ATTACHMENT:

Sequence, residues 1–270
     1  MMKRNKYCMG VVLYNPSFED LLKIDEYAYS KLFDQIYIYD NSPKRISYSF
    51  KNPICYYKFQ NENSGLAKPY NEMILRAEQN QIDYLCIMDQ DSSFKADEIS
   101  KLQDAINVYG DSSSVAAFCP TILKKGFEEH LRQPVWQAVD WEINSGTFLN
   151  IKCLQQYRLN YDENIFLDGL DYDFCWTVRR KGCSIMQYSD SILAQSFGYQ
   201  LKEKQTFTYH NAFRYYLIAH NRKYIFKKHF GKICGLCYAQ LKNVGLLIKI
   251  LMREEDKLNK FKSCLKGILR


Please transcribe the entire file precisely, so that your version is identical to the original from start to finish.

Sequence, residues 1–270
     1  MMKRNKYCMG VVLYNPSFED LLKIDEYAYS KLFDQIYIYD NSPKRISYSF
    51  KNPICYYKFQ NENSGLAKPY NEMILRAEQN QIDYLCIMDQ DSSFKADEIS
   101  KLQDAINVYG DSSSVAAFCP TILKKGFEEH LRQPVWQAVD WEINSGTFLN
   151  IKCLQQYRLN YDENIFLDGL DYDFCWTVRR KGCSIMQYSD SILAQSFGYQ
   201  LKEKQTFTYH NAFRYYLIAH NRKYIFKKHF GKICGLCYAQ LKNVGLLIKI
   251  LMREEDKLNK FKSCLKGILR